Fortunately, the publisher of my first two books, Amber Quill Press, did not take audio rights. Neither does Five Star/Cengage, the library-edition hardcover publisher that published my 2007 Golden Heart finalist, Where She Belongs, in December 2011.
When AudioLark opened, I jumped at the chance to submit my first two books, which had already been in ebook and print for a few years. Publishing the audio versions gave them new life—and new sales! Head Over Heels, the first audio book I published with AudioLark, became an Audible ChickLit bestseller last summer, and I can still find it in the ChickLit bestsellers for Audible from time to time.
Once AudioLark contracts your book, you submit a pronunciation guide (Word doc or email) for the narrator. AudioLark chooses the narrator or provides a couple of examples of narrators for the author to choose from, depending on the needs of the book. I step out of the process until the narrator is finished reading the book, at which point AudioLark provides me with MP3 proofing files. Because I’m now proofing the book (listening for errors), I listen to the audio files on my computer using headphones and with the PDF of the book on my computer screen so my eyes can read along. When I notice an error that I want corrected or that the narrator has left a production note in the narration, I mark it down much in the way you would with a print publisher and send the list to AudioLark. The corrections are done, and then comes the great fun—waiting for and then experiencing release day!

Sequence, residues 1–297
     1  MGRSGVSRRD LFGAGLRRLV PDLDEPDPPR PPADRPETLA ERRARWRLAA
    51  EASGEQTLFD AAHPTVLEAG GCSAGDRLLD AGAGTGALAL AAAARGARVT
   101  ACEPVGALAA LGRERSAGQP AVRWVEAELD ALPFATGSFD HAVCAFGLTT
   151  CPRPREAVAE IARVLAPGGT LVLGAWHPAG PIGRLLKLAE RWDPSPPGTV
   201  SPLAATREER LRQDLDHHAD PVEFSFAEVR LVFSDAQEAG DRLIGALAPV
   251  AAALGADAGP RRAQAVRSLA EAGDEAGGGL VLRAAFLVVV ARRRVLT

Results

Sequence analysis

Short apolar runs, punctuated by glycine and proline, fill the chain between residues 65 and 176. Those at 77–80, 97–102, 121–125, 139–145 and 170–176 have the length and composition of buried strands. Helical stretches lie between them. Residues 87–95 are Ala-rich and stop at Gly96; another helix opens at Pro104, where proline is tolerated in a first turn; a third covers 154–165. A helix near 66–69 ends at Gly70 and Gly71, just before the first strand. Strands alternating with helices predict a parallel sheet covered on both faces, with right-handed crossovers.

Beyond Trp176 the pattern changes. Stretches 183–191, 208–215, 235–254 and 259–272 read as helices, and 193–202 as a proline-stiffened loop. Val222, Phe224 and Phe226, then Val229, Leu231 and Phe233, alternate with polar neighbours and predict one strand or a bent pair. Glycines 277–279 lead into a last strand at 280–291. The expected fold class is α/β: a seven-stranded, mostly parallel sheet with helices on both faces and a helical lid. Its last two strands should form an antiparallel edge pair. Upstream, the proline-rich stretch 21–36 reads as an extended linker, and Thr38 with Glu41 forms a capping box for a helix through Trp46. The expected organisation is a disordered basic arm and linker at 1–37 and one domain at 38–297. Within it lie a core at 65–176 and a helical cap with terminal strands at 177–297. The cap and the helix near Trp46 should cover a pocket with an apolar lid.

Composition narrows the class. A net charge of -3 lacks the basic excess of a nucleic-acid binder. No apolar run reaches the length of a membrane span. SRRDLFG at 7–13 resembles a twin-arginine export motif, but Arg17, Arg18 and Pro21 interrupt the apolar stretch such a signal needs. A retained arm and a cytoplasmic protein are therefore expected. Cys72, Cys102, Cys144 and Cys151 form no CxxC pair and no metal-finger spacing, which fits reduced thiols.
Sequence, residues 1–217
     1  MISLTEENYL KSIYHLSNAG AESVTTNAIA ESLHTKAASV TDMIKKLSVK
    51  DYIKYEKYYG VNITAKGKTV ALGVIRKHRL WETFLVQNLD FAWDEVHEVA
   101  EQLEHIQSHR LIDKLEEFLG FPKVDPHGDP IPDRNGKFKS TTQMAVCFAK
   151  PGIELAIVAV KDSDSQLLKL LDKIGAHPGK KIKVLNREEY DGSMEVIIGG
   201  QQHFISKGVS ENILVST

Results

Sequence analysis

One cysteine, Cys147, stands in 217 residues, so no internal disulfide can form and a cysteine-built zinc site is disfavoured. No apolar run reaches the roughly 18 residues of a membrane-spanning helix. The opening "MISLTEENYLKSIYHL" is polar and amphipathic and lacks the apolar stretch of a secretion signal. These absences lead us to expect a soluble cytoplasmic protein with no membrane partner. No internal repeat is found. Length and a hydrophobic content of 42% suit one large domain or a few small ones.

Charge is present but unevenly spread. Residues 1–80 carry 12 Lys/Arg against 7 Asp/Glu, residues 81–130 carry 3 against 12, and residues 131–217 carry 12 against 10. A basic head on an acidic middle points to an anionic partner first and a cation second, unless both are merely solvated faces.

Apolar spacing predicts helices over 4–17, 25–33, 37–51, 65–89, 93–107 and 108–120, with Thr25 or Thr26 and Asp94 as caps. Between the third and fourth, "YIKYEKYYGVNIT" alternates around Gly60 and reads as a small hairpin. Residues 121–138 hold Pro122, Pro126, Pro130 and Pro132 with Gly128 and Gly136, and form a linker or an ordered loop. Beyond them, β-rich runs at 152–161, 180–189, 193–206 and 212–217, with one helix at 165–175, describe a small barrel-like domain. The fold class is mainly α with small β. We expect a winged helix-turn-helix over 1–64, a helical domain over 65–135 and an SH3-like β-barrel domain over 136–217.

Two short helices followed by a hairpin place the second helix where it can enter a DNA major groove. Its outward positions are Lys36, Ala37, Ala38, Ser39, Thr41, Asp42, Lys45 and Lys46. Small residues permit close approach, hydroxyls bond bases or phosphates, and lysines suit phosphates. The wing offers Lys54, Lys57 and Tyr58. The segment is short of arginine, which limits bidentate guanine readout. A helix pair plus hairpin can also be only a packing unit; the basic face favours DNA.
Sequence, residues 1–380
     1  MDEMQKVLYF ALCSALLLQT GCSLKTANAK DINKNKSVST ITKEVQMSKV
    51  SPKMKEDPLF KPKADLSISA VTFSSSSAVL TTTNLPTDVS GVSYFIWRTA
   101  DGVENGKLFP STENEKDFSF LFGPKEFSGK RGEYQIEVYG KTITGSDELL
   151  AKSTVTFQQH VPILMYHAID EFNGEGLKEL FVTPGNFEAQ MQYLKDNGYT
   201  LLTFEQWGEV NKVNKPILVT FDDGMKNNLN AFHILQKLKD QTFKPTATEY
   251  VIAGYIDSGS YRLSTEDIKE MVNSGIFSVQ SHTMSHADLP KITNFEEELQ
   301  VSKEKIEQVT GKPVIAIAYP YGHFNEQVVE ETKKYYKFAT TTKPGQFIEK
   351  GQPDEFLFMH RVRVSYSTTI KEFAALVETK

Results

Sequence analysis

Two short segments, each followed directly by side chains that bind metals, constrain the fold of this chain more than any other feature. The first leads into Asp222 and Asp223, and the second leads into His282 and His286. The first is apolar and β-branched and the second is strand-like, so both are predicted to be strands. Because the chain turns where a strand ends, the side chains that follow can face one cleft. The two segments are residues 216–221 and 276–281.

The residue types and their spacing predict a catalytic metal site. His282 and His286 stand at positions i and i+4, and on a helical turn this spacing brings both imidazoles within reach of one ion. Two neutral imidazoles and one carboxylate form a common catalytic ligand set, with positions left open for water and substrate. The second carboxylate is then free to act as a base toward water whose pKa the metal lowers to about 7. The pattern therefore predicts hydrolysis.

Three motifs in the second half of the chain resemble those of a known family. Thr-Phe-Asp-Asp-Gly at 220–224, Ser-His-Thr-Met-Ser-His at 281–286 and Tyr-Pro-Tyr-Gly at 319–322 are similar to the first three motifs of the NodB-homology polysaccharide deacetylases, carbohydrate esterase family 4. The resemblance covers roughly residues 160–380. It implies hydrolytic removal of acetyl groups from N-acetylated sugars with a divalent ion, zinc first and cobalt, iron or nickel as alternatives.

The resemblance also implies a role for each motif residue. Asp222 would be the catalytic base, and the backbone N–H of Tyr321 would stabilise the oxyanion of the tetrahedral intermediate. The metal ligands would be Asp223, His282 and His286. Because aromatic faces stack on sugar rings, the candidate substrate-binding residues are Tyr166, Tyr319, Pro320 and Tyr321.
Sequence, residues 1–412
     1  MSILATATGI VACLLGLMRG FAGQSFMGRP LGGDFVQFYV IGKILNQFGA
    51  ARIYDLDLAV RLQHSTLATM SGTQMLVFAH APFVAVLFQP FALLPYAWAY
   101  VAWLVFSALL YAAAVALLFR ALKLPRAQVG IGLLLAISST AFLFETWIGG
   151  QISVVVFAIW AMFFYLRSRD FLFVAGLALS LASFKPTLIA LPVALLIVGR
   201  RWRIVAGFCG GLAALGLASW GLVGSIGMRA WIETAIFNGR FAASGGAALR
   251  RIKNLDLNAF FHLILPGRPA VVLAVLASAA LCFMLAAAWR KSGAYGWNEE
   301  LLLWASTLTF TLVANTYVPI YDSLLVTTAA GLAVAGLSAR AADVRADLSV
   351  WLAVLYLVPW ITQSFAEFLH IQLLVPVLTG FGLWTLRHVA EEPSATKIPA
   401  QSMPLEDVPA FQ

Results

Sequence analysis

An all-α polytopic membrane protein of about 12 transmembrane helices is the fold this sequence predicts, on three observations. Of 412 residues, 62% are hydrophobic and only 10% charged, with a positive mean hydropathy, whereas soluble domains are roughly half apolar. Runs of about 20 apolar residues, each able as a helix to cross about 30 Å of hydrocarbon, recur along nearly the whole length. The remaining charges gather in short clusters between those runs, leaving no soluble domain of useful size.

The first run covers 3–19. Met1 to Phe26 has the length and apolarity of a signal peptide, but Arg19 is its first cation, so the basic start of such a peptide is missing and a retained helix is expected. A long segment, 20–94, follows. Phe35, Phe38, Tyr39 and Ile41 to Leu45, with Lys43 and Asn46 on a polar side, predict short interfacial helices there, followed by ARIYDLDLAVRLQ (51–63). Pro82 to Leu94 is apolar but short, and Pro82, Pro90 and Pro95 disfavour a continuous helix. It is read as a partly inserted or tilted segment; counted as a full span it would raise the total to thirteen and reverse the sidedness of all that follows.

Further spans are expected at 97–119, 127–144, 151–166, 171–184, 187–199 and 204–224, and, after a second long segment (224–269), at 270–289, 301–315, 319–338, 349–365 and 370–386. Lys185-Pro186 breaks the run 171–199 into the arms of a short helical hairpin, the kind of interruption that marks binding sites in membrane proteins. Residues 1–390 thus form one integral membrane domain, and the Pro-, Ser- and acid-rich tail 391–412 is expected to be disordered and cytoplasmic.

I’ve had a very positive experience with AudioLark and look forward to working with them on more books. I would thoroughly recommend working to get your titles into audio. It’s another sales venue. People who might never buy your print or ebook might choose to buy the audio version, and what writer doesn’t want more sales?
My other favorite part of publishing audio books is working with narrators to create the final product. There is nothing as wonderful as listening to a voice actress whose voice and acting style truly complements a novel.